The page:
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# Monday 11th January

Morning Carle class,

A lovely Monday morning, we hope you all had a good weekend. Welcome back for another week of learning! Don't forget to email us to let us know how you get on with your learning; carle@greenfield.walsall.sch.uk

Let's start Monday by warming up! Joe Wicks is back every Monday, Wednesday and Friday at 9.00am. Join in and start the day off with some fun: https://www.youtube.com/channel/UCAxW1XT0iEJo0TYlRfn6rYQ

### RWI:

A new Set 1 RWI session will be available at 9:30am today. Don't forget to practise the sound and then complete the reading and spelling sections as well.

### Literacy:

This week we are carrying on with learning about Jack and the beanstalk. You can re-watch the story below:

## Jack and the Beanstalk

For your Literacy task today we would like you to create a story map. We have attached some examples of what a story map should look like below or you can search Pie Corbett to find out more.

Draw your story map to show all the key parts of Jack and the Beanstalk. Make sure you have all the main characters and events. Then label your drawings with words such as 'mum', 'magic', 'beans', 'hen', or 'gold'. Keep this story map safe as you will need it for the rest of the week. Don't forget to send any pictures to us.

### Maths:

Today in maths we are going to be looking at something brand new – making bigger numbers out of smaller numbers. To do this, we need to remember a very important fact:

Every bigger number is made of smaller numbers

We call these smaller numbers ‘parts’. For example, the bigger number ‘2’ is made up of two small parts – ‘1’ and ‘1’

We are going to start off today by watching an episode of Numberblocks. It’s all about our important fact – can you remember what it was?

Access the episode here: https://www.bbc.co.uk/iplayer/episode/b08dr1l3/numberblocks-series-1-the-whole-of-me

For our learning today, we are going to use a five frame to practice splitting numbers into two smaller parts. You can print off the document below if you want a ready made five frame, or you can draw your own by copying this picture:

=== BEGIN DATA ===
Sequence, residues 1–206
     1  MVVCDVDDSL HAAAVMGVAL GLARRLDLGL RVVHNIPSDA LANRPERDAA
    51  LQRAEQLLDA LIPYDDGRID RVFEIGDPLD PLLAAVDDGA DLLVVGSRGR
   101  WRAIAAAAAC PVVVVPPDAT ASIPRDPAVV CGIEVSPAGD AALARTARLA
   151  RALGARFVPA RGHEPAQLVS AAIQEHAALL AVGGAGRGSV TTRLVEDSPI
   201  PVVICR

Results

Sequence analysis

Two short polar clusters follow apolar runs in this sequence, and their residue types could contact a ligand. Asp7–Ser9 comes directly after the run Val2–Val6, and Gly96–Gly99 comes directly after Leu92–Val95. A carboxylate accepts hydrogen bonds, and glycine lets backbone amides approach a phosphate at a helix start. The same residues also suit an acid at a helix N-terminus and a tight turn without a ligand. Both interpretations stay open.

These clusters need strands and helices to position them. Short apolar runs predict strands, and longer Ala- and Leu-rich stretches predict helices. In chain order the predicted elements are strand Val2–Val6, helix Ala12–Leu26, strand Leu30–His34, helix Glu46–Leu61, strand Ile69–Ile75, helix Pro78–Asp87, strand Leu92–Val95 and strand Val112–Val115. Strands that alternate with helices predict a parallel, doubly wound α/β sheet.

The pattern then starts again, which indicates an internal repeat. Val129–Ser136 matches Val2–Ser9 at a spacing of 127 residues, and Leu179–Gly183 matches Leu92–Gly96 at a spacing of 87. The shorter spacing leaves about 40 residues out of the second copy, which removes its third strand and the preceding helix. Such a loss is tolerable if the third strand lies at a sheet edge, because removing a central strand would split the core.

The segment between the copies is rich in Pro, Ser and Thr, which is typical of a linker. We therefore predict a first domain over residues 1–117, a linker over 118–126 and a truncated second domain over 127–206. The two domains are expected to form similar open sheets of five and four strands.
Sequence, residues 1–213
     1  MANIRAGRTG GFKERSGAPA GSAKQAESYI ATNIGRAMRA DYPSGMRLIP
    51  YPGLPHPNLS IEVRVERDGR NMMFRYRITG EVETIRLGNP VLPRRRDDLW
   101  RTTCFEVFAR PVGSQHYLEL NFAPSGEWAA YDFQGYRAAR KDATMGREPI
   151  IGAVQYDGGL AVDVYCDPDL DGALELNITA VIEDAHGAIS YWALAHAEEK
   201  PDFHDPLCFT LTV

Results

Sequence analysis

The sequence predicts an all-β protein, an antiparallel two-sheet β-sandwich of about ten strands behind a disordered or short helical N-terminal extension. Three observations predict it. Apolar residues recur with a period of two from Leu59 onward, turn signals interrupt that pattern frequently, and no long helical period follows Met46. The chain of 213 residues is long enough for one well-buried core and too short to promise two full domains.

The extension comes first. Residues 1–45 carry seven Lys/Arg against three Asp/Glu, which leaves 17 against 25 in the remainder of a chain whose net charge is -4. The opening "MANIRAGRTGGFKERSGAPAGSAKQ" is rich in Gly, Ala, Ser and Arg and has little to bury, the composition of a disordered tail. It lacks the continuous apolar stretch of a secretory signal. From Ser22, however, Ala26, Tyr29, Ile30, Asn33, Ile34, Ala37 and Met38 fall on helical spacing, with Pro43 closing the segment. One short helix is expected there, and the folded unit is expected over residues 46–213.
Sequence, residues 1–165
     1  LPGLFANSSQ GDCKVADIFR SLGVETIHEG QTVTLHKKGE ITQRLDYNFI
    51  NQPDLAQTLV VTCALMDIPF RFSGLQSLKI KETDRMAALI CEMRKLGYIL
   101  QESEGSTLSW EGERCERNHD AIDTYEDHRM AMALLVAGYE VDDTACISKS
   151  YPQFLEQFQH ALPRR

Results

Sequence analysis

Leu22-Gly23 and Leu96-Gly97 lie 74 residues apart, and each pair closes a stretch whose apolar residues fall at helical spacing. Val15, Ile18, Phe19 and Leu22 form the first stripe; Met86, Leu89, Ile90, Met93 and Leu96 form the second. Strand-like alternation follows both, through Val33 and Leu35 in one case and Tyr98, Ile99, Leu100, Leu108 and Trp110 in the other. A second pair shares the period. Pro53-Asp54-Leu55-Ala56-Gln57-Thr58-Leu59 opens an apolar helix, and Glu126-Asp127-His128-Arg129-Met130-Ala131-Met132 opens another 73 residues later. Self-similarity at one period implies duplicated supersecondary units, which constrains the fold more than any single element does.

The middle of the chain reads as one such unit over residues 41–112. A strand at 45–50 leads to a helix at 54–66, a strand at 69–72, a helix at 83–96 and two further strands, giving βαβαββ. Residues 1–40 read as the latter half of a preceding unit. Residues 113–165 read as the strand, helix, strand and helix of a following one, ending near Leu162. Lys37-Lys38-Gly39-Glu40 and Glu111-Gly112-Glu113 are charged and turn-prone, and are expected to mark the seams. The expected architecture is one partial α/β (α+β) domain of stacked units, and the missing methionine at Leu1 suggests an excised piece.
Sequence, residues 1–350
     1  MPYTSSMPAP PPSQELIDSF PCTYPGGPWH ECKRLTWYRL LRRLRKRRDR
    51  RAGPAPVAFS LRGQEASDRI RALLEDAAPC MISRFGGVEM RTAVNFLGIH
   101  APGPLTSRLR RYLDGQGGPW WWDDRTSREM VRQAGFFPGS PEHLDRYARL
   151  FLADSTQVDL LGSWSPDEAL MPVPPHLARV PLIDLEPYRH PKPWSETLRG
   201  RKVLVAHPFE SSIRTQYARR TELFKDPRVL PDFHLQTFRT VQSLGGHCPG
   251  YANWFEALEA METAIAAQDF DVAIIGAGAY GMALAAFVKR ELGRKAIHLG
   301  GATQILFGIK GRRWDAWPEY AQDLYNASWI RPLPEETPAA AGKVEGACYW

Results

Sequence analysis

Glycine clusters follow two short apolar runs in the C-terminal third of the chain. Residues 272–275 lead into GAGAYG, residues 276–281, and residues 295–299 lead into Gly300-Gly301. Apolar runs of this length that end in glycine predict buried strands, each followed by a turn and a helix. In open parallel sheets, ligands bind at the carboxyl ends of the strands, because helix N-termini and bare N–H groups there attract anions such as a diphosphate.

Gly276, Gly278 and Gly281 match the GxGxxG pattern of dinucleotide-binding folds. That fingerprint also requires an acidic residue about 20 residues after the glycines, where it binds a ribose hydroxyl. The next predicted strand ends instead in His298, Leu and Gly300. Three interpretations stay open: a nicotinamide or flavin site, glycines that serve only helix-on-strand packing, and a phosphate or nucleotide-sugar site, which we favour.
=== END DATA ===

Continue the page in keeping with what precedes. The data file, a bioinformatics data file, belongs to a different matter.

Now you’ve got your five-frame ready, let’s practice putting some numbers together. We’re going to start with the number 2. If you feel confident, move on to the next number.

(To use your five-frame, make sure that each object has it's own square)

Number 2:

• How many objects do we need to put on to our five-frame to make 2?

Number 3:

• Add one object to your five frame – how many objects do we need to put on to make 3?
• What about if we add two objects to our five frame first? How many more objects do we need?
• Now you’ve got the correct amount of objects, can you split them into two smaller parts?

Numbers 4 & 5:

• There is more than one way of making the numbers 4 and 5 – how many ways can you think of? Can you show these ways on the five frame?
• Extra challenge: Put 4 or 5 objects on to your five frame. Without touching the objects, do you know how many would be left if you removed 1,2 or 3?

Well done for your maths learning today Reception. Before you move on to something else, can you remember what our fact was today? Don’t worry if you’ve forgotten, we’re going to practice again tomorrow!

### Topic:

Can you remember which items Jack takes from the giant's castle? One item he takes is a harp. What is a harp? What does it do?

Here is a picture of a real harp, it is a musical instrument:

Today we would like you to read through the body percussion PowerPoint. What sounds can you make with your body?

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